Patient Details

Age: 6 months

Sex: Male

Date of initial presentation: 29/1/1975

Clinical Diagnosis

? Retinoblastoma.
Eye bisected equatorially in theatre.
? Normal front position fixed in glutaraldehyde for electron microscopy.
Posterior position (photographed by [surgeon] 10/1/1975) fixed in formal saline for routine histology.
Portion of optic nerve removed for sectioning separately in paraffin. Rest of specimen decalcified in formaldehyde - formic acid. (Carleton & Leach p. 211 [possibly Schafer's Essentials Of Histology by H. M. Carleton & E. H. Leach]) (Culling p. 48 [possibly Handbook of Histopathological and Histochemical Techniques by C. F. A. Culling])
*Send L.V.N. section to [consultant pathologist] when stained.

21/2/1975 - Letter from [surgeon] to [consultant pathologist]

I would be very grateful for your further opinion on the specimens which I enclose. I would like your confirmation, not only that this is a retinoblastoma but that the optic nerve is not involved. The two slides included preliminary preparation of a large tumour mass and a preparation of the proximal end of the optic nerve stump attached to the enucleated globe. We are preparing celloidin sections and will send you further sections through the optic nerve in due course. 

The specimen comes from a most interesting African baby who shows other somatic abnormalities and in whom the diagnosis of retinoblastoma was suspected when he presented last month with left convergent squint and a white pupil reflex. Clinically and in the cut specimen it appeared that the optic nerve was involved in the tumour mass. This boy incidentally has a glucose-6-P-D deficiency but of greater interest is the fact that he has a deletion in the long arm of chromosome 13 and appears to be an example of the "Dq" deletion syndrome of Orbeli. My impression is that the tumour is well differentiated and it seems from the literature that the retinoblastomas associated with this condition have been more benign in behaviour that usual.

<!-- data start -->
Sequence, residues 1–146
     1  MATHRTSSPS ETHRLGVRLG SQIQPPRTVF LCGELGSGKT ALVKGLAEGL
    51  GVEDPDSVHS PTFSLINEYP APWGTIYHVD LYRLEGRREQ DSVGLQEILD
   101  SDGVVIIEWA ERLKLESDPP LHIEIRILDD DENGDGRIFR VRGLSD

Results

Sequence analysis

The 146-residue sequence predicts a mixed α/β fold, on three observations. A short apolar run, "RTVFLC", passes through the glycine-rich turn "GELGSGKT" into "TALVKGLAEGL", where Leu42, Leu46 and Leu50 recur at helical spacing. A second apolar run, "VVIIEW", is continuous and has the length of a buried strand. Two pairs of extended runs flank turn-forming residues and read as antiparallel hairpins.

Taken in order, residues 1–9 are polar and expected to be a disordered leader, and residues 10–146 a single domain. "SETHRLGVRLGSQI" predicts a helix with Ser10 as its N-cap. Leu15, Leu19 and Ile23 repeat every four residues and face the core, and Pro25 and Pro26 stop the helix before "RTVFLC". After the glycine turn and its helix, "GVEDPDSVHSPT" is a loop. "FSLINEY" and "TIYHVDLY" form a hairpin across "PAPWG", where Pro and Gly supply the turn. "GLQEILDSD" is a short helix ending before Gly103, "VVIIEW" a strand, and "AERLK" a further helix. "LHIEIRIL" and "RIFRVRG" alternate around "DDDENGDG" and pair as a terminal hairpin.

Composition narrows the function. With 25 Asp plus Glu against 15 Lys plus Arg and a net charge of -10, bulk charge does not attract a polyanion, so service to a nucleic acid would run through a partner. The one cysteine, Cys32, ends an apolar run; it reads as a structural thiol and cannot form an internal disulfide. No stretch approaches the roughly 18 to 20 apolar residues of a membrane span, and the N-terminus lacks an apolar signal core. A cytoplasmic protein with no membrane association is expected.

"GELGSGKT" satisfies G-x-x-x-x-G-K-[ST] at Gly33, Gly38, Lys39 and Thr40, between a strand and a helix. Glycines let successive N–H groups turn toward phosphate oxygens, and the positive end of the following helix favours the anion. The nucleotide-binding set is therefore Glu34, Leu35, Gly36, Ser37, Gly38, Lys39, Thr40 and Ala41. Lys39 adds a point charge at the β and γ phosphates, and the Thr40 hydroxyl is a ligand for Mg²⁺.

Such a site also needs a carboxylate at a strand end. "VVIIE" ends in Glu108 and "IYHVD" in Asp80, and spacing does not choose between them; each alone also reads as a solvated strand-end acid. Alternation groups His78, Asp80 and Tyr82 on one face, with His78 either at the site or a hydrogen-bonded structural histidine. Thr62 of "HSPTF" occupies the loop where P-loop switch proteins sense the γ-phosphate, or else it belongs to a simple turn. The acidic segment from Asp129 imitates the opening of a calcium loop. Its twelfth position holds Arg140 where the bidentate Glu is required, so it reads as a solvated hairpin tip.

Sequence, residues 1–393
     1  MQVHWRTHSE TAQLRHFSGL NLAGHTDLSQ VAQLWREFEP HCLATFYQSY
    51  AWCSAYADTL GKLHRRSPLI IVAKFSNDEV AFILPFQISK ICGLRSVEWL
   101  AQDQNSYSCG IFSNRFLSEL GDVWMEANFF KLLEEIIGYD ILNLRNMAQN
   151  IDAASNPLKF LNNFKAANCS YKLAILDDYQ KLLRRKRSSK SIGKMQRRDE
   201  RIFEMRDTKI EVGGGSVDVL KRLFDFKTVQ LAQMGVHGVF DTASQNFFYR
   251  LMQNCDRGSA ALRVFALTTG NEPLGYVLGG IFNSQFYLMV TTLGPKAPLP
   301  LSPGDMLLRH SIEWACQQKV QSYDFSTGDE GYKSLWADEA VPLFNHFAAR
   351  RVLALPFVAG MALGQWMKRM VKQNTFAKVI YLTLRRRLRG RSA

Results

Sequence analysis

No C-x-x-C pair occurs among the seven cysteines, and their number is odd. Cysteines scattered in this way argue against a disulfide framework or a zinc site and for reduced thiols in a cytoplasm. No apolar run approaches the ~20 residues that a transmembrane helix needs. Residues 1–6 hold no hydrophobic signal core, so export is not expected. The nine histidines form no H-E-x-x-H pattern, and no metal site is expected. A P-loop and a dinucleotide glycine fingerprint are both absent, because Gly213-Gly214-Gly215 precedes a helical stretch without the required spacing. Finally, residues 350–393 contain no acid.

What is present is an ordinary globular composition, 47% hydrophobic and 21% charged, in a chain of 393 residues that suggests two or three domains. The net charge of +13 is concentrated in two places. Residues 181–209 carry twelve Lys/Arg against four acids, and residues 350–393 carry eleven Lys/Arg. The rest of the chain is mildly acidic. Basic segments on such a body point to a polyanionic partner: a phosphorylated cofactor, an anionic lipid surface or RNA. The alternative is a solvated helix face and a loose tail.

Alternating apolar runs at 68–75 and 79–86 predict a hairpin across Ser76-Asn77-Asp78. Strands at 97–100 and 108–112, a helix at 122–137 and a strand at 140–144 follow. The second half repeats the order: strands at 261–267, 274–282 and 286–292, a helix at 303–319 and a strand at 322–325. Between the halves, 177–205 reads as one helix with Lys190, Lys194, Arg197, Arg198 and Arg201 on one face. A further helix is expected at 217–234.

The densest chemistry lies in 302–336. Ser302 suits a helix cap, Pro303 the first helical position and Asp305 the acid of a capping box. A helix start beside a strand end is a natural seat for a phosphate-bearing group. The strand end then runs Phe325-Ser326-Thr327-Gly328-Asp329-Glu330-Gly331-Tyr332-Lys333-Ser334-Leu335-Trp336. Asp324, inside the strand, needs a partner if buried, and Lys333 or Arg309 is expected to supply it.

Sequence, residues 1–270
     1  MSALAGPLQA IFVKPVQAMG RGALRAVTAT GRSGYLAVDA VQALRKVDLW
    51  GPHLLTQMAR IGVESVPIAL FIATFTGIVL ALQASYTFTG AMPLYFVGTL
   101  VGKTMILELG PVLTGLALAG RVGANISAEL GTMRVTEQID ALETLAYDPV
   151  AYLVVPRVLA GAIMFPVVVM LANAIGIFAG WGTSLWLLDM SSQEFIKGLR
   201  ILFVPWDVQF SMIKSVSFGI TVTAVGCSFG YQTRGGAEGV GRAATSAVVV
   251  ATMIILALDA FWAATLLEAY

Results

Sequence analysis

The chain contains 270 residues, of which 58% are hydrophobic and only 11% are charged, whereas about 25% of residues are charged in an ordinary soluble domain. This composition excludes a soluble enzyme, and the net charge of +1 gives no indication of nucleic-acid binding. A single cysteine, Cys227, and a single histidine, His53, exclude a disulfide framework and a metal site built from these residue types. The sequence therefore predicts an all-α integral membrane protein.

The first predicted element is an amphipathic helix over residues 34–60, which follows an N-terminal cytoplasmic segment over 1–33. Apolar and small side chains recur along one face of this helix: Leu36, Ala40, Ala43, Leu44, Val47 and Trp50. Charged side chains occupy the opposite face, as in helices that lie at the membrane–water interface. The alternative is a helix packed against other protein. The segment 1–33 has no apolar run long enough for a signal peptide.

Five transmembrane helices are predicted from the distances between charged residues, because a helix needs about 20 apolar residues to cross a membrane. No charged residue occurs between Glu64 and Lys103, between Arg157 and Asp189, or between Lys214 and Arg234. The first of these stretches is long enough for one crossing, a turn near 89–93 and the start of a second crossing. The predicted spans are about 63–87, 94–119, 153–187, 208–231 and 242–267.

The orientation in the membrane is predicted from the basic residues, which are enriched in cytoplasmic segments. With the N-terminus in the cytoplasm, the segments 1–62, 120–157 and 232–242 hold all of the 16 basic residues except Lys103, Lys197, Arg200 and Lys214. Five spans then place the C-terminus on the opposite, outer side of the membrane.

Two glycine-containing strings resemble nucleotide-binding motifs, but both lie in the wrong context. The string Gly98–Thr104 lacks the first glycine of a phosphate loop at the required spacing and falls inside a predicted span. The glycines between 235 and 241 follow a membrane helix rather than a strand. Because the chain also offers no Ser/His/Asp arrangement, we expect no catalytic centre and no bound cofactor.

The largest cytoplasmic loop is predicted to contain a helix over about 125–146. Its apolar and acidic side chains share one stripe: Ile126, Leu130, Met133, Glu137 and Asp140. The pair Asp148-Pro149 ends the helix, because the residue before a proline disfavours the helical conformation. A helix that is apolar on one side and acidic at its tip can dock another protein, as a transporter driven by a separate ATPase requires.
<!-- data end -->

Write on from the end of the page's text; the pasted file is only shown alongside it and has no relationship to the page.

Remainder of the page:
27/2/1975 - Report from [consultant pathologist]

Many thanks for referring this most interesting case. I should be very glad to see a section of the whole eye when it is available.

Sections from the calotte show a well-differentiated retinoblastoma arising from the retina and growing endophytically. The lesion is giving rise to well-formed rosettes, and at the level of these preliminary sections, there is no evidence of a choroidal invasion. The tumour seems to be close to the macula but a few seedlings are present on the inner surface of the peripheral retina on one side, close to the ora serrata. The other section is of the optic nerve: it is surrounded by haemorrhages and by normal meningeal coverings. At this level of study there is no evidence of invasion of the optic nerve nor of surrounding structures by tumour. 

No evidence of a developmental defect can be found in these sections, but it may be of value to examine the optic disc and papilla carefully, and possibly to check the presence of nerve fibres in the inner layers of the retina and the optic nerve, and possibly myelin in the latter.

20/5/1975 - Letter from [surgeon] to [consultant pathologist]

Would you please be kind enough to write pathology reports on the enclosed slides.

[Unrelated cases]

These are more sections of the eye you reported on 27th February, 1975. The anterior part of the eye was used for electron microscopy. I have done a Loyez stain for normal melanin and a modified Bielchowsky (Glees and Marsland) for nerve fibres without much success as you can see. 

2/6/1975 - Further report from [consultant pathologist]

Further examination of the tumour, the remaining sensory retina, and special stains of the zone surrounding and including the optic disc and never-head, do not seem to demonstrate the presence of nerve fibres in the sensory retina nor in the optic nerve, and also fail to show the presence of myelin in the portion of optic never available for study. This is subject to interpretation, as histochemical techniques often show a degree of variation. It is difficult to say if the absence of never fibres in the sensory retina, and of myelin in the optic nerve, represents a developmental element, or whether they may be a direct result of the tumour, which probably has been present for some time and is obviously involving the papilla rather heavily.